In describing my experience at the St. Paul’s Thanksgiving service—see “Thanksgiving Review”—I failed to mention some things we do that are unwelcoming. I want to redress that oversight here.
Particularly now that we are facing months of cold weather, the cloakroom off the undercroft will be getting a lot of use. Why is it that no one seems to think of turning on the light in the room to make it obvious to everyone, even visitors, what the room is for? Given the location of the Coke machine, it would be easy for someone to think the room is for vending machines. I use the cloakroom a lot, and I usually throw the light switch when I enter it.
This leads me to another observation. Unlike most people, I often wear a hat. Even if I’m not wearing a hat, I may have a book, music, or other baggage with me that I need to park somewhere. Unfortunately, the shelf above the clothes hanger in the cloakroom is often taken up with junk that no one seems capable of finding a place for. This is inconsiderate. Also, there may be mops or other objects in the cloakroom. This is not an inviting environment for member or visitor. The cloakroom should be inviting and functional. It seldom is.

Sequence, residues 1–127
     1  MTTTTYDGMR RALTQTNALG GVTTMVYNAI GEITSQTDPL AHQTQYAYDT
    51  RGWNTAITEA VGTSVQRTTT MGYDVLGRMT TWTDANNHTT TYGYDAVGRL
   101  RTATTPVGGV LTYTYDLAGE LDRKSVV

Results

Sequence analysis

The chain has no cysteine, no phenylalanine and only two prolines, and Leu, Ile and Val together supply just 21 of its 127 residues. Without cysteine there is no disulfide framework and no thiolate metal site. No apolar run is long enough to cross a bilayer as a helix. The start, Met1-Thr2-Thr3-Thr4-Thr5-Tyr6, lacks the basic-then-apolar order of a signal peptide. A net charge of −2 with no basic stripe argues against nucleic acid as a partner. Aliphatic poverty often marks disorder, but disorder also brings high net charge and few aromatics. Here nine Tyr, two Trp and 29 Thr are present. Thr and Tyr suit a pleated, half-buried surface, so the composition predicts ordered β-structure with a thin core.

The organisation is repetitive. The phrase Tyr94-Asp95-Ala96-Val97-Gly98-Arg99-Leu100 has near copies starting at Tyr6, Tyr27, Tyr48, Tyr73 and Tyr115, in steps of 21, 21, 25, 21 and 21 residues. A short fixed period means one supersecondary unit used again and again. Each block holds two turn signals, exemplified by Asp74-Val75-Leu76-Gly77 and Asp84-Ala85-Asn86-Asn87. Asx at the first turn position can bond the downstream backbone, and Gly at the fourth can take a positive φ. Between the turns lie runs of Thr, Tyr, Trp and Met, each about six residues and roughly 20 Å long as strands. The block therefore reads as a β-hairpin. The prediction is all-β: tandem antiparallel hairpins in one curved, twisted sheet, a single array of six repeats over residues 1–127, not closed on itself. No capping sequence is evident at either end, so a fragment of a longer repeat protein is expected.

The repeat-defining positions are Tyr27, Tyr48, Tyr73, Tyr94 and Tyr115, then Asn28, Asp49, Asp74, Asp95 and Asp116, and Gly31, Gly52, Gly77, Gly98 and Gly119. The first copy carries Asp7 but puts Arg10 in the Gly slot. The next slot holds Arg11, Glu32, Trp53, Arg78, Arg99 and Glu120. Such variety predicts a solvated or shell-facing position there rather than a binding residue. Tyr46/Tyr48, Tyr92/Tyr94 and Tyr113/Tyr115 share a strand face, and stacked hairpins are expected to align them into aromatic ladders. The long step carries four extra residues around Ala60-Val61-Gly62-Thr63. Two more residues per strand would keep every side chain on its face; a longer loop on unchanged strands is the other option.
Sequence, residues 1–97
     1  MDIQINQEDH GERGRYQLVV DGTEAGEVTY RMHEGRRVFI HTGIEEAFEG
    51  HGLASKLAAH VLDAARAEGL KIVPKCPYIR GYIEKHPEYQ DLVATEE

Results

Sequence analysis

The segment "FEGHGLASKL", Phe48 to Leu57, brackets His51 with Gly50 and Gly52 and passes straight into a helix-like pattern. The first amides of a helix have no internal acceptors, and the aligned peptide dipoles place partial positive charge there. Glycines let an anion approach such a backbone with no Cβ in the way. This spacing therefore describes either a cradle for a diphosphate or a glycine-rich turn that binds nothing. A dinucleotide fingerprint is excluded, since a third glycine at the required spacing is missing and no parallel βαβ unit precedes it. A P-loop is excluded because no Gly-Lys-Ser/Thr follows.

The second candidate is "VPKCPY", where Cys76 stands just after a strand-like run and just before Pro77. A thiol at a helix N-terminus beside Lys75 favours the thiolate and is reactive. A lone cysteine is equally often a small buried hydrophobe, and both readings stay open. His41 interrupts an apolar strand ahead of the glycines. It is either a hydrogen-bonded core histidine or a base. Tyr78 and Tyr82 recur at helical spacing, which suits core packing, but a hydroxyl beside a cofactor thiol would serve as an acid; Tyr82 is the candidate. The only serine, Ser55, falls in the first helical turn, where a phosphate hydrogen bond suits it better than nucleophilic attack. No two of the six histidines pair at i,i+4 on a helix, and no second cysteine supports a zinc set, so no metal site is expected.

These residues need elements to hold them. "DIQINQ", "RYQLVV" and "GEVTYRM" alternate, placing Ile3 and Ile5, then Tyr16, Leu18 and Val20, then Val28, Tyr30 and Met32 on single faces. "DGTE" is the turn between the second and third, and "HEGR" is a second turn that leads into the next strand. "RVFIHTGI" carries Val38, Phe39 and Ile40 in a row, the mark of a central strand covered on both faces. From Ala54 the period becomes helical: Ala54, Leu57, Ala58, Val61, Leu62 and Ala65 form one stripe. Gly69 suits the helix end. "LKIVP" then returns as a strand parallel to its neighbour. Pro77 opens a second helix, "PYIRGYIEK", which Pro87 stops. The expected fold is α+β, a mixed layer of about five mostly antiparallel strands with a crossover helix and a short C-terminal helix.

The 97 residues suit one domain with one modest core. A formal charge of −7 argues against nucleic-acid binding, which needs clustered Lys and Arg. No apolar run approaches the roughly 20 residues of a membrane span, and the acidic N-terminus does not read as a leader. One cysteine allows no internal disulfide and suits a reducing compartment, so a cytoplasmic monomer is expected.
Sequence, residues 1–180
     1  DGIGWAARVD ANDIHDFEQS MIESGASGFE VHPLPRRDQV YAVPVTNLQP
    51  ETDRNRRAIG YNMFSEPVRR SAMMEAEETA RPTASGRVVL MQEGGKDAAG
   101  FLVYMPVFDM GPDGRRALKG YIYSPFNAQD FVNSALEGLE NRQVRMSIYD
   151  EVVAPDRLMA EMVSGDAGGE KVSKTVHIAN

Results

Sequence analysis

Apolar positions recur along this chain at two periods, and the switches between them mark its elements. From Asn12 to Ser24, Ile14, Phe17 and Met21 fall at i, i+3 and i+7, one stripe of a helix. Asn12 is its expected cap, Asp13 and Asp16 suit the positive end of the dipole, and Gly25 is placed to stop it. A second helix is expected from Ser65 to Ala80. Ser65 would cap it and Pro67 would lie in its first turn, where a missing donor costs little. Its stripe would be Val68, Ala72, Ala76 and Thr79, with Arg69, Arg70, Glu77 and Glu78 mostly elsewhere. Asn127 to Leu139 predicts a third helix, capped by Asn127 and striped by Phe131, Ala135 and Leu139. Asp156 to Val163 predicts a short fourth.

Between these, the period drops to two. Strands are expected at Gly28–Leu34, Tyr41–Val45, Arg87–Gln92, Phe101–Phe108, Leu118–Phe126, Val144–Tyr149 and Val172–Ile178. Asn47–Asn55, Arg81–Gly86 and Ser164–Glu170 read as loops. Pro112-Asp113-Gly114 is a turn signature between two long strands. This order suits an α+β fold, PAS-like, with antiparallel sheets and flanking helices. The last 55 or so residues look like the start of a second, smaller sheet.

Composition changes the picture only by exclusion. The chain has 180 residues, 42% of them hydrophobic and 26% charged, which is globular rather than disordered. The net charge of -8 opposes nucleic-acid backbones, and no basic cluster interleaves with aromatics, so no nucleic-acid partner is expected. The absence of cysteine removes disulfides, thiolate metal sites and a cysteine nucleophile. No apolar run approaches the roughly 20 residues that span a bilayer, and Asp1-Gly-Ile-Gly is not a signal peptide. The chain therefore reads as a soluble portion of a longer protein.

I tried—unsuccessfully, it turns out—to convince Jane Little that she wanted to join me at the Thanksgiving service. Jane spends most of her time in a wheelchair, and being in her wheelchair would certainly have been a prerequisite of her attendance. The obvious place to park a wheelchair in the church is in the first pew in front of the pulpit. The modesty screen is truncated there to allow placement of a wheelchair. I noticed Thanksgiving morning that the end of the piano was nestled into that spot, making it impossible to place a wheelchair there. Such a welcoming gesture!
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